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Détails sur le produit

  • Broché: 200 pages
  • Editeur : BenBella Books; Édition : 1 (13 avril 2010)
  • Langue : Anglais
  • ISBN-10: 1935251740
  • ISBN-13: 978-1935251743
  • Dimensions du produit: 1,9 x 15,2 x 22,9 cm
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6 internautes sur 6 ont trouvé ce commentaire utile  Par Jan le 14 mars 2014
Format: Broché Achat vérifié
A completely different outlook on how life and the universe are entangled in a way that one cannot exist without the other. This book had me riveted. It made me look at the world in a different way. Often I'd stop reading and just look around me, to try and experience the theory.
Absolutely fascinating.
For those who enjoy the world of physics, quantum physics, spirituality and how we perceive 'reality'.
Very rare I read a book twice, with this one I did.
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Amazon.com: 528 commentaires
408 internautes sur 447 ont trouvé ce commentaire utile 
Brilliantly written, challenging and kind of creepy 10 juin 2009
Par Free Thinker - Publié sur Amazon.com
Format: Relié Achat vérifié
Challenging assumptions is always excellent mental exercise. In this book Robert Lanza takes on one of the key tenets of modern thinking: that all scientific disciplines ultimately reduce to physics. In its place he offers the provocative thesis that biology is primary, and the Universe literally flows from the conscious perceptions of living creatures.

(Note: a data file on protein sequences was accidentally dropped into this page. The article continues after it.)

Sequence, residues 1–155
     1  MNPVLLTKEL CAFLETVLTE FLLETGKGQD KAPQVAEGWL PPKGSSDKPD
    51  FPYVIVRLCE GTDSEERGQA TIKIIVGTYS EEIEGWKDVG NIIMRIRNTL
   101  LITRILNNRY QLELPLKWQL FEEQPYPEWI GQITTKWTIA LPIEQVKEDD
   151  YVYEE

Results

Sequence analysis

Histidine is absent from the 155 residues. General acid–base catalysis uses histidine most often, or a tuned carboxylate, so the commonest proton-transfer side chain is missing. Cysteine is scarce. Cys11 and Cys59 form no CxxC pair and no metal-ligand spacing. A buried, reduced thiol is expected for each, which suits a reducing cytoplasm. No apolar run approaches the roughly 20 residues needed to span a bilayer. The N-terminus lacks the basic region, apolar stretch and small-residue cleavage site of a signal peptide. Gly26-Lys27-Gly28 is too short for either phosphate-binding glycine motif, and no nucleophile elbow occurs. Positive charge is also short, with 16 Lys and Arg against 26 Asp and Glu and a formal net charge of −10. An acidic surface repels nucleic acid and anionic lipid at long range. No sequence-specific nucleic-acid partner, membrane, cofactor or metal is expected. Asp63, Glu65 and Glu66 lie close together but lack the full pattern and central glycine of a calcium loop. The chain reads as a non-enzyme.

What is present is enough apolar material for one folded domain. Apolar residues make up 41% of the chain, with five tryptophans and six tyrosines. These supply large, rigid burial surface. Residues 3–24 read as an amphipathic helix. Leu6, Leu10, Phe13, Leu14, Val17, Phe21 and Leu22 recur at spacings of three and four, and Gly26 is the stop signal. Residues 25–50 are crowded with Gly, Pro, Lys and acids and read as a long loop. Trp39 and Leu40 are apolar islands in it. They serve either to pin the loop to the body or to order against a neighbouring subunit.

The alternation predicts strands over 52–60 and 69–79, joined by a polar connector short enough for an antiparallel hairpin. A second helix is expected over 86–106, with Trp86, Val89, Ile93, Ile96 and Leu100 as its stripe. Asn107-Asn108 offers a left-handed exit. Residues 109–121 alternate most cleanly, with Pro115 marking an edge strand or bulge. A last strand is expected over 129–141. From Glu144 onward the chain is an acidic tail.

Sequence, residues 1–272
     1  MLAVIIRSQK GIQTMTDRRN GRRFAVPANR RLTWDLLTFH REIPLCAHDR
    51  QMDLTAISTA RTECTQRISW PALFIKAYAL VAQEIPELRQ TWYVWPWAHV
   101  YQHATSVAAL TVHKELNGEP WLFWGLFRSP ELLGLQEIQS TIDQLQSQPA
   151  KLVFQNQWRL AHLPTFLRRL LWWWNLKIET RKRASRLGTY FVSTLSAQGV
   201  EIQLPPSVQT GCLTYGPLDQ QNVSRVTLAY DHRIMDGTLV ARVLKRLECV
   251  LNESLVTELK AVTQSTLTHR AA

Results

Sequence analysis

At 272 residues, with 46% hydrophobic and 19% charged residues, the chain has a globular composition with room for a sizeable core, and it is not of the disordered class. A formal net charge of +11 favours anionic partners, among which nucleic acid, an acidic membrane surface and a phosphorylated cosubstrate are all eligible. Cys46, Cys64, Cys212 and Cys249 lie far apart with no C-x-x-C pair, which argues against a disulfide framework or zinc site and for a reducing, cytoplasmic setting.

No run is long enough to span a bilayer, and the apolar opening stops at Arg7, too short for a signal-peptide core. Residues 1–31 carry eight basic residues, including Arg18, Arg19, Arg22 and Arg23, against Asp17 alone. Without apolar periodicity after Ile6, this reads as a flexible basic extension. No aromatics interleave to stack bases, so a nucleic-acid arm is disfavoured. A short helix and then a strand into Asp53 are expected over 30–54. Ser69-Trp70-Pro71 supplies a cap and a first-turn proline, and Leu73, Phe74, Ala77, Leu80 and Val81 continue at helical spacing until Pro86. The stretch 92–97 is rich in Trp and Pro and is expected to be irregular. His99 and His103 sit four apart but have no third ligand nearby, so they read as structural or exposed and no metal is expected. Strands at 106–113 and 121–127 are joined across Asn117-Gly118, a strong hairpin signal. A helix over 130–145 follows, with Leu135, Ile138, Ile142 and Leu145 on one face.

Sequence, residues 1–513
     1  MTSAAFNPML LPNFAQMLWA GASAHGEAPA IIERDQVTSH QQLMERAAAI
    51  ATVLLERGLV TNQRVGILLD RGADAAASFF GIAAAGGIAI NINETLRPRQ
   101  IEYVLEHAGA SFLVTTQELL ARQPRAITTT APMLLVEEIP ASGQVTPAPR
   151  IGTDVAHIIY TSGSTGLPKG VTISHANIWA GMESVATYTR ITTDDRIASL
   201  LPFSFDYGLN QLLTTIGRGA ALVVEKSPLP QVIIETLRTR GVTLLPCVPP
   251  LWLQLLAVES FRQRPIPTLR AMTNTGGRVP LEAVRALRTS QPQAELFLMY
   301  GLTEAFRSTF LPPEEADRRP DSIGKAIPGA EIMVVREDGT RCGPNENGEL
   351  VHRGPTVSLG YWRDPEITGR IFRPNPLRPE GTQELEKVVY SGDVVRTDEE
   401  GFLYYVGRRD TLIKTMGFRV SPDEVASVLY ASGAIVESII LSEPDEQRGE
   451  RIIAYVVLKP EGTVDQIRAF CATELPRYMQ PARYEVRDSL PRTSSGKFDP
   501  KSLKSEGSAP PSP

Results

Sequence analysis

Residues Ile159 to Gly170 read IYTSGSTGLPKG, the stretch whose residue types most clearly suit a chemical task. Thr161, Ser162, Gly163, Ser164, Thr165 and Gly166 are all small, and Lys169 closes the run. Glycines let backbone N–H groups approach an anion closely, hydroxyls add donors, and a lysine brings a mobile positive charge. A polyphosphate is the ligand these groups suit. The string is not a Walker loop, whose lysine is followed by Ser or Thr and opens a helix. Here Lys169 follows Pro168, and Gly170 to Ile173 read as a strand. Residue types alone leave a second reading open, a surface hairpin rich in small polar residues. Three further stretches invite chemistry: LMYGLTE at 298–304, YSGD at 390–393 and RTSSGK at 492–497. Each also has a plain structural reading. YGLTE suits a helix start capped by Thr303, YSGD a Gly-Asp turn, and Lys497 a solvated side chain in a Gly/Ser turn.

On its face this sounds absurd, which demonstrates all the more just how brilliant this man is. He draws on findings from quantum physics and anatomy studies to establish a series of foundational principles for his biocentric theory, which he then elaborates on and defends.

He begins by reminding us of something we all know but rarely think about: that reality is literally "all in our heads." We don't see the sunset, we see the interpretation of it our brain creates. We don't smell the rose, we experience the sensation of a scent created by a neural network.

We believe that these impressions are imposed on us by what Stephen Hawking calls the RWOT (Real World Out There). But our evidence for this belief amounts to subjective internal experiences! In pointing this out Lanza shifts the burden of proof to the physicalists, who assert that the outside world is what is truly real, while our qualia are illusory.

He expands on this thought by citing evidence from quantum physics.
The famous two slit experiment, observations of split photons switching spin directions simultaneously, and observations of true backwards causation (the present determining the past) are all cited. Einstein once asked a colleague if he truly believed that the moon wasn't in the sky if no one was looking at it. Lanza would reply "of course it's not!"

In reading this book I was reminded of some of the implications of Relativity. It occurred to me that there are no absolute measurements of length. What my tape measure says is three feet would not be that at all
for someone traveling at 99.99% of light speed. Nor would my estimation of the distance from my living room to Disneyland be the same as theirs. And their figures would be just as valid as mine! If space and time are completely dependent on the perspective of the observer, then in what sense are they real?